When I look back on my life in Jamaica, I wonder at how much the English impressed us. Why did so many Jamaicans think that to be English was to be classy, sophisticated, knowledgeable… and everything else we hoped to become? No, it was not just me. It was the entire middle and upper class. In my mind, I can still hear how Jamaican friends said “for me” when they came home from school in England. They put the emphasis on the “for.” I suppose they were overcompensating for the Jamaican “fi-mi” (with the accent on the “mi”).
The same embarrassment at being associated with things Jamaican extended to the education system. In my time, no one who could afford to send their children to a private school would have dreamed of sending them to a free “elementary school.” Yet, after I failed to learn anything useful at the preparatory schools my parents scrimped to send me to, it was a retired elementary school teacher who tutored me so I could win a scholarship to a secondary school. There were no free secondary schools in Jamaica back then, and my father, who was an agricultural instructor, would have found it difficult to pay my school fees.
I won a scholarship to Munro College, which at that time was modeled after an English boarding school. I am sure it has changed over the 55 years since I left, but when I went there, the teachers were from England; we called them “masters” and addressed them as “sir.” The school copied everything, good and bad, that prevailed in English private schools (which, I am sure you know, were called “public schools” for no good reason). There was even a “fag” system in which younger students had to make beds, clean shoes and generally wait on the older boys.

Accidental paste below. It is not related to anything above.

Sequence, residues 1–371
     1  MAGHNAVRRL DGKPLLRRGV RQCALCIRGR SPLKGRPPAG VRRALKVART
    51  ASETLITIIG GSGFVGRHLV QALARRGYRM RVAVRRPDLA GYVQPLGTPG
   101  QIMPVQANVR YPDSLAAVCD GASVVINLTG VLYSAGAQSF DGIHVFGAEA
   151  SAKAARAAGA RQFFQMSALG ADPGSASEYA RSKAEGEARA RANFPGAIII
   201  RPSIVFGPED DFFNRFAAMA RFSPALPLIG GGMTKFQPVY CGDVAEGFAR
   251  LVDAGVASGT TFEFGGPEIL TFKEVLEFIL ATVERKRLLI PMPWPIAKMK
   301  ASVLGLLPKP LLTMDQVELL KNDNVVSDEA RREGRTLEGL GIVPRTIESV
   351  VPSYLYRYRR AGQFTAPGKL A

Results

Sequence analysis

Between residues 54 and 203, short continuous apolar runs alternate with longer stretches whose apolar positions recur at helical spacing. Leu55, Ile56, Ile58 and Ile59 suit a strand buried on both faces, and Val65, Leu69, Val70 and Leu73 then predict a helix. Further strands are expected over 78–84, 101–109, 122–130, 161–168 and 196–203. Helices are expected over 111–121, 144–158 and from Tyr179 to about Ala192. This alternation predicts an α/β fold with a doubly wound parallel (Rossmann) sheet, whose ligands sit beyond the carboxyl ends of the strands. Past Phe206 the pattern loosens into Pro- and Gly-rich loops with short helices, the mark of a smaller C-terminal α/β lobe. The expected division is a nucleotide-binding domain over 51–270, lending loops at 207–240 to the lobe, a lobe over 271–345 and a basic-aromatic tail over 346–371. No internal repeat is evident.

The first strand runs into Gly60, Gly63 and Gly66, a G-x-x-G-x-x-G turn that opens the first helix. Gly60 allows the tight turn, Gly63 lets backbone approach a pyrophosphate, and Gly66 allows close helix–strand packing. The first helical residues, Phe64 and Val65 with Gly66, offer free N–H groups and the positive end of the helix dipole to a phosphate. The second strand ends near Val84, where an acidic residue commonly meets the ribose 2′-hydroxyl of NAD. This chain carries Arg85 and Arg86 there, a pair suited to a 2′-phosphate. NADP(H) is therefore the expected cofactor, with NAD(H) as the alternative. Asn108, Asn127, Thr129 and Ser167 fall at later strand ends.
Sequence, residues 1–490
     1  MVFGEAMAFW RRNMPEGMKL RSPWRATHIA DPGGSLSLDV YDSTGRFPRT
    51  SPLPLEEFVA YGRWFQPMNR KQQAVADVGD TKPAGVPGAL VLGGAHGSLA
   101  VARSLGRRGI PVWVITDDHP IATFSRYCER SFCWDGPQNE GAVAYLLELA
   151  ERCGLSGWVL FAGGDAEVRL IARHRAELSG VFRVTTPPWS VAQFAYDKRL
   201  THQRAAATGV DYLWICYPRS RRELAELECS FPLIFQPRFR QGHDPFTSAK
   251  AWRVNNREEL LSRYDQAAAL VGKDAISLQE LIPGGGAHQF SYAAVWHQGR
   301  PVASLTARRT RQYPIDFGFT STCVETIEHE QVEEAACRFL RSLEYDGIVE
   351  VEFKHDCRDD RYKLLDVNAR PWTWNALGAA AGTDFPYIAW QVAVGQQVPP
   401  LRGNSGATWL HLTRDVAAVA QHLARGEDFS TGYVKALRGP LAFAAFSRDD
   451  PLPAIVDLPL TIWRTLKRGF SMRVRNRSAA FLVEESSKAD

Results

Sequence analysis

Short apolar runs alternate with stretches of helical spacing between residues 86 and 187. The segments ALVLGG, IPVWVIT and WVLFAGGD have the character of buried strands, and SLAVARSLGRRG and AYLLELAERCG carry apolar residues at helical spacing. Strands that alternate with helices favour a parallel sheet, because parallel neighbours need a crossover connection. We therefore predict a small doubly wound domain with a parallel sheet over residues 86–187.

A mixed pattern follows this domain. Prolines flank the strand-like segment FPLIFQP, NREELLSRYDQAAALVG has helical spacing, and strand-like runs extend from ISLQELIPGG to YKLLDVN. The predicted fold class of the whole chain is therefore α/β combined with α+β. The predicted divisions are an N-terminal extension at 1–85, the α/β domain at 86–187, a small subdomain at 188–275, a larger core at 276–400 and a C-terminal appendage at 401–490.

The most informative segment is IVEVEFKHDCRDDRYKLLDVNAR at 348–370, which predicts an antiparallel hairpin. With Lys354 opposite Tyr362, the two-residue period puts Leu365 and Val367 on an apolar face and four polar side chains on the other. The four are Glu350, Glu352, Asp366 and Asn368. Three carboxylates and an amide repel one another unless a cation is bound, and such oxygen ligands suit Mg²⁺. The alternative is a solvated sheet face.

To say I hated Munro would be an understatement. Years after I left, I used to have nightmares about being back there. That may be one reason for my skepticism about private schools. I see them as a refuge for snobbery, for one thing.
I haven’t lived in Jamaica for decades, so I do not know how it is there, but in America, private schools (and “home schooling”) are often a means of avoiding desegregation and promoting religious bigotry.
So you will understand why I wasn’t too upset when I read an item in today’s Daily Gleaner reporting that Jamaican parents are pulling their children out of private schools because of economic conditions in the island. The Gleaner quoted Jasper Lawrence, chief education officer in the Ministry of Education, as saying there has been a sudden influx of pupils into the public education system. According to the report, the government was importing portable classrooms to handle the crisis.
“There are classrooms that we can transport to where the space is needed, so we will be importing portable classrooms from South Florida,” Mr. Lawrence was quoted as saying. The Gleaner added that the ministry was “moving to ensure adequate staffing for primary schools.”
On the other side of the equation, Basil Tabannor, president of the Jamaica Independent Schools Association, was quoted as saying the institutions were struggling to keep afloat in today’s economic climate.
I am sure there are excellent private schools in Jamaica – and in America. My son went to Mr. DeSouza’s little school, and learned enough to wn a free place at Kingston College. But I won’t shed too many tears if the global economic collapse forces private schools out of business.
I believe governments would then have a heightened incentive – and more resources – to improve public education, which seems to need a lot of improvement not only in Jamaica but also in America (and I suspect throughout the world).